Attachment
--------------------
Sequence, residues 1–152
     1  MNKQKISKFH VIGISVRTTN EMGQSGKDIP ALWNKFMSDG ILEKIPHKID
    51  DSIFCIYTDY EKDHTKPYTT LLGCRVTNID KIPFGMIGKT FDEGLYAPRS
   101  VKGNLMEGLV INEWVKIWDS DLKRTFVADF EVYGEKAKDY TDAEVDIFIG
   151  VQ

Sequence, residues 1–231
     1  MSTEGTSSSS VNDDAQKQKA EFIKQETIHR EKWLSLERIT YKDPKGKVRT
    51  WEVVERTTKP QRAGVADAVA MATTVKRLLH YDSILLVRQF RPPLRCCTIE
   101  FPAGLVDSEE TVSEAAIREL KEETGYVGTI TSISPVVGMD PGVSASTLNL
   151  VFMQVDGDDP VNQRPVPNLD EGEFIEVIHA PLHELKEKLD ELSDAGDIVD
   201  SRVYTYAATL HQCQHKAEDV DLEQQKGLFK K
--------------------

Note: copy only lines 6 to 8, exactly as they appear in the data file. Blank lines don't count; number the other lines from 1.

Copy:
Sequence, residues 1–231
     1  MSTEGTSSSS VNDDAQKQKA EFIKQETIHR EKWLSLERIT YKDPKGKVRT
    51  WEVVERTTKP QRAGVADAVA MATTVKRLLH YDSILLVRQF RPPLRCCTIE